Why Paint Cracks and Peels
Picture this: You suddenly find the paint job of your dream house suddenly cracking, peeling and falling off. It must be a nightmare to see your paint job in such a state. Luckily for you we have compiled some of the most common reasons of cracking and peeling of paint.
There are many reasons why paint will crack and peel but we will only write the most common explanations. Hopefully this will help you in identifying the cause for your cracking paint and in solving these problems.
Moisture is a great enemy of paint. If you find your paint cracking and peeling, moisture may be seeping in from the outside damaging your interiors. Check to see if the cracking and peeling of paint on your walls is due to moisture. If the location of the cracking and peeling paint is at your ceilings, your roof might be leaking. Locate and fix the source of the leak before you apply a new coat of paint.
Sometimes, condensation may also cause paint to crack and peel. Some areas prone to condensation are the edges of metal casement windows. In order to solve this, you should install storm windows and apply caulking to the frame.
Washing and cleaning the surface to be painted on is an important step in paint jobs. If a recently painted surface begins to crack and peel, an unprepared surface may be the reason. Before applying paint, ensure that the surface to be painted on is clean and free from moisture. Following this simple step may save you from frequent repainting and increase the life and durability of your paint jobs.
Paint naturally deteriorates over time. Painting on a surface multiple times may ultimately cause cracking and peeling. The older coats will have become brittle over time. This decreases the ability of the new coat to bond with the old coat. This might cause the outermost layer of paint to crack and peel off. To solve this predicament, the old layers of paint need to be removed before applying the new paint. The previous paint may be removed with the use of paint remover to the surface. Starting from the initial coat also gives new life to a surface and increasing the durability of the new paint.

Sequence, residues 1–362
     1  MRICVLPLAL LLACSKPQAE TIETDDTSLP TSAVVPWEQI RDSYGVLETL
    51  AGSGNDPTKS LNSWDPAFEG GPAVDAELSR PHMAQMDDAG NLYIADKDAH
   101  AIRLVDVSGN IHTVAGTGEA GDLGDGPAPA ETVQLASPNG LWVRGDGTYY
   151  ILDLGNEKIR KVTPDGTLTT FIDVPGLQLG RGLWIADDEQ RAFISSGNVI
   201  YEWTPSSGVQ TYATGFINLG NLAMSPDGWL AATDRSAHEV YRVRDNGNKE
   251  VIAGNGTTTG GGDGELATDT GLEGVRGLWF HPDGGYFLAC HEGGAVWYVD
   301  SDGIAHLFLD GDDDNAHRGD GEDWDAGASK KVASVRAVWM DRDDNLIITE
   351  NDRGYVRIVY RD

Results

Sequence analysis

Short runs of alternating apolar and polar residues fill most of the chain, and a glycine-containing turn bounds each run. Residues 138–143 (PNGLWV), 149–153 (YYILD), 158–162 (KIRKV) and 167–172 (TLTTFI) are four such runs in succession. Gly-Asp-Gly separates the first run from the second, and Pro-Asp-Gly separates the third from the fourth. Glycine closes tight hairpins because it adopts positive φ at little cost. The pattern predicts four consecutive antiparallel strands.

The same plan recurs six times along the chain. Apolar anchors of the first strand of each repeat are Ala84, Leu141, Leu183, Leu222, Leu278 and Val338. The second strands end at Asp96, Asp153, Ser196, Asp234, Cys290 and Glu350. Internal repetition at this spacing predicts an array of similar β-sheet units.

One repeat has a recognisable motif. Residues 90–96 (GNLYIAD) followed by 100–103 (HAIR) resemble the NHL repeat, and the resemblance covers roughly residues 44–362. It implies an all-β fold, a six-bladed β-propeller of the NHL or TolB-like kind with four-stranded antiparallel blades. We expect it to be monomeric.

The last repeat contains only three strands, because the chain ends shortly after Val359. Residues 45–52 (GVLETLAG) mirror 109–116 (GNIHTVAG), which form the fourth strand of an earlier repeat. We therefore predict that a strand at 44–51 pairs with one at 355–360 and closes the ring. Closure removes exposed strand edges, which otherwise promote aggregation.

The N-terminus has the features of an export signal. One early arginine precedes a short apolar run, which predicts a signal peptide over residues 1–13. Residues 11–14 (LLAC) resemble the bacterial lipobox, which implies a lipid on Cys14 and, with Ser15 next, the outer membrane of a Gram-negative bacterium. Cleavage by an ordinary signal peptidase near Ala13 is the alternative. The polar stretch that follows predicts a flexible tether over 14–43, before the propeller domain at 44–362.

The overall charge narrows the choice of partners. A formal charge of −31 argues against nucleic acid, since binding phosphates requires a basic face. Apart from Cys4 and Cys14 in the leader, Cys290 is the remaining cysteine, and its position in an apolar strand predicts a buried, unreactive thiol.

The development of numerous fine cracks along a painted surface is usually called “Alligatoring”. It is called alligatoring because in the most advanced cases the paint will look like the cracked skin of an alligator.
A paint job wherein paint is applied to a surface too quickly and not allowing it to dry and expand properly will most likely result in alligatoring. In order to remedy this problem, again, all the coats of paint should be removed using paint remover. Then the surface must be painted again. Make sure to leave adequate time in between application of coats to allow the paint to properly dry and expand.